The assault on Juno Beach used armoured vehicles known as 'Funnies' devised by Sir Percy Hobart. To many, these vehicles were the difference between success and failure. The British 79th Armoured Division and the Royal Engineers had been given the task of delivering a variety of special armoured vehicles (AVRE's) that could perform battlefield engineering tasks including clearing minefields, dropping fascines into anti-tank ditches and laying bridges. Armoured regiments were equipped with DD (duplex drive) Sherman tanks which could 'swim'' in the water and then travel on land to support the leading waves of infantry.
AVRE: The Armoured Vehicle Royal Engineer (AVRE) was a Churchill tank mounted with a "Petard" spigot mortar (large calibre short range gun) that could throw a 40-pound "dustbin" about 150 yards. It was used by the engineers to destroy concrete emplacements including concrete barriers, roadblocks and pillboxes. In addition to the Petard the AVRE could also be mounted with an assault bridge, crane or dozer blade. The "Flail", "Crocodile" and "Ark" (a moving bridge) were related vehicles.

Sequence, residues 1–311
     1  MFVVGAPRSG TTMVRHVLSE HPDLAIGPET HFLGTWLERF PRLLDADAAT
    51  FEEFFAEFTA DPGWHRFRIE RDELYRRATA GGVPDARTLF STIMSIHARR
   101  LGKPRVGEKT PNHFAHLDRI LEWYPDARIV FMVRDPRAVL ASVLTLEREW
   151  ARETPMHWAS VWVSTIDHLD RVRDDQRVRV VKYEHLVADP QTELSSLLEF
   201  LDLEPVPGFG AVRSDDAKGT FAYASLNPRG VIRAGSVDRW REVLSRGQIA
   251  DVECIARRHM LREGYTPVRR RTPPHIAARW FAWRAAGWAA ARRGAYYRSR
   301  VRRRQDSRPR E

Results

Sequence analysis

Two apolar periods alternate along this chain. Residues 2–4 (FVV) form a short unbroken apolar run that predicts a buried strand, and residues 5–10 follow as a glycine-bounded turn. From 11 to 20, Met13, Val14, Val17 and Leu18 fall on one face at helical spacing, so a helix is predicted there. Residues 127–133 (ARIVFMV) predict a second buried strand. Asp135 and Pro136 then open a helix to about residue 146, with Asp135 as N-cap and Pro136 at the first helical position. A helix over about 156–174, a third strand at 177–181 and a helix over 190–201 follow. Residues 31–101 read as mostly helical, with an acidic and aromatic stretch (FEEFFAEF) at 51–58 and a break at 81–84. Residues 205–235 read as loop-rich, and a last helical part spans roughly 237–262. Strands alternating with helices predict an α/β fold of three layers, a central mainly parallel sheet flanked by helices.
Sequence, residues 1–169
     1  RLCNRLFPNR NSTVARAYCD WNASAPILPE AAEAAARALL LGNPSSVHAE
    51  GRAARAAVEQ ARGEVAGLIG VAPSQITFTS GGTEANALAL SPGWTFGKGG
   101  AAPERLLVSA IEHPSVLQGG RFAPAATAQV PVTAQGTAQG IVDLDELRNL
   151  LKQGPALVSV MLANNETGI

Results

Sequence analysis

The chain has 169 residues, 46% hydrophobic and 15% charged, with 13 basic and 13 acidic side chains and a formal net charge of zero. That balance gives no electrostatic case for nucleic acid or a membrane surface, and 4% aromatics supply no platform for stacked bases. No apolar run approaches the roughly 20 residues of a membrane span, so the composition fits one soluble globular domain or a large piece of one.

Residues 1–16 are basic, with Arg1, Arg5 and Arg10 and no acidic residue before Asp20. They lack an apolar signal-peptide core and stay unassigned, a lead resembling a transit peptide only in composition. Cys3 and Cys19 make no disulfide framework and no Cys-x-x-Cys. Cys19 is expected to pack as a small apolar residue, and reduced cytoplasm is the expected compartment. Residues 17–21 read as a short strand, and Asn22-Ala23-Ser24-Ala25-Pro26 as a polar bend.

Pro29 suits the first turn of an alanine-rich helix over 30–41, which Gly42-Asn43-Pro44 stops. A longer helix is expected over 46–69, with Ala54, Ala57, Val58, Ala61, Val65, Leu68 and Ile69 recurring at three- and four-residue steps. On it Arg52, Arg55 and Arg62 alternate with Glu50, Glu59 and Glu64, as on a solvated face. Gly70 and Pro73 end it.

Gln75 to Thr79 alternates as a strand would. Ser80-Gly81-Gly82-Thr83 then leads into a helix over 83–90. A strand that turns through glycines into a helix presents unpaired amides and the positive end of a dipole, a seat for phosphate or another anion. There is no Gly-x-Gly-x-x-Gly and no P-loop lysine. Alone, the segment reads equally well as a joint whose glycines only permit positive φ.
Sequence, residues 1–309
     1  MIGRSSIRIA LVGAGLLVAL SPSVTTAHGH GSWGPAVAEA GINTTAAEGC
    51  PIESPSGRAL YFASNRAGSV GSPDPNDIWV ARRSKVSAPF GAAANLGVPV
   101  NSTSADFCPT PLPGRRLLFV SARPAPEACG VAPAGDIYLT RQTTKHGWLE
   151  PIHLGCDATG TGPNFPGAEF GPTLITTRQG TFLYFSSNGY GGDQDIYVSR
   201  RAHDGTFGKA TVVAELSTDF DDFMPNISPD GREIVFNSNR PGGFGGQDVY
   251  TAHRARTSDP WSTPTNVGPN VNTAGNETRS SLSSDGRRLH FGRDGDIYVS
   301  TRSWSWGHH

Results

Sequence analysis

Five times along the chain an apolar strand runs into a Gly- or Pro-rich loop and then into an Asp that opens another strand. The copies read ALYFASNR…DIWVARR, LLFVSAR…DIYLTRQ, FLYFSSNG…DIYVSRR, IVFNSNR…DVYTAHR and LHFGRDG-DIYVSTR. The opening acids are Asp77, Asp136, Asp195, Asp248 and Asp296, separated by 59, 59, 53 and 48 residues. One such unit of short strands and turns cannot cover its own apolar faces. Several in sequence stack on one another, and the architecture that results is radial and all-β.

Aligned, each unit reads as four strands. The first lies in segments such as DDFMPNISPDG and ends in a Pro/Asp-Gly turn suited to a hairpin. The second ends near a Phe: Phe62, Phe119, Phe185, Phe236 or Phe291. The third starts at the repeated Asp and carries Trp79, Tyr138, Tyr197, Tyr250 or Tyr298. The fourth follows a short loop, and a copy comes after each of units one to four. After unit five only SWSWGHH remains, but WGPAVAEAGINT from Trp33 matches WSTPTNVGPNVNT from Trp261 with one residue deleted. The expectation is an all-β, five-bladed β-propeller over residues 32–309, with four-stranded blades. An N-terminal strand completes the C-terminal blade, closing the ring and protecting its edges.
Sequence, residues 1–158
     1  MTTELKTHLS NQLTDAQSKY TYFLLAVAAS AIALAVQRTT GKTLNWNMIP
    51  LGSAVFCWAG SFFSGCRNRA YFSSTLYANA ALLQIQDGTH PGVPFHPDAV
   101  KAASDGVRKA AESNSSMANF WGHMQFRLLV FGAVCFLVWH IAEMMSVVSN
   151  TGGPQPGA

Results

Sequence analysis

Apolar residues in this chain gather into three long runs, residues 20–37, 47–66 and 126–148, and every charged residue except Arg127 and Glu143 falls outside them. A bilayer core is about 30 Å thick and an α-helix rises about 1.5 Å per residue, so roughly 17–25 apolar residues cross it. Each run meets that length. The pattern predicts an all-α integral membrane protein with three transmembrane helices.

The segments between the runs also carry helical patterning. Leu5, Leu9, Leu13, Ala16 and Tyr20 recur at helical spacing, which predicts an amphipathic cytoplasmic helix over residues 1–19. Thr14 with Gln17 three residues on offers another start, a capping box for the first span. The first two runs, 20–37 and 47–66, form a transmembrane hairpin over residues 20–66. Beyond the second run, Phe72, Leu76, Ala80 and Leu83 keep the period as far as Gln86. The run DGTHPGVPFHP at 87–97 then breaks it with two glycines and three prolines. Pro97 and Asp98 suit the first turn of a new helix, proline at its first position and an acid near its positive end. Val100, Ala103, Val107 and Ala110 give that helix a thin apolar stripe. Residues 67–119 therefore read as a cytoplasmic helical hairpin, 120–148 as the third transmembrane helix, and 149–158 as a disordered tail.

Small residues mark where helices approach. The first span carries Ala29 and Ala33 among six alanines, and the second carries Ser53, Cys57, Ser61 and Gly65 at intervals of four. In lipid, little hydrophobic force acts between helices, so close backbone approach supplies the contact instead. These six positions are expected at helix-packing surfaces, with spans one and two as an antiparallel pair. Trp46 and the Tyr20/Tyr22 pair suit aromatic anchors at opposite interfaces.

Armoured Bulldozer: The armoured bulldozer was a conventional Caterpiller diesel tractor, fitted with a dozer blade and plated with armour to protect the engine and driver. They carried no armament and often came under heavy fire. On D-Day they were vital in clearing beach obstacles, clearing openings in the sea walls and constructing ramps to let tanks and vehicles inland off the beach. They later proved invaluable for clearing streets of rubble, filling bomb craters and clearing road blocks.
Crocodile: The Crocodile flame-thrower tank, was a modified Churchill Mark VII with a flame thrower gun mounted in place of the hull machine gun. The flame gun had a range of 120 yards.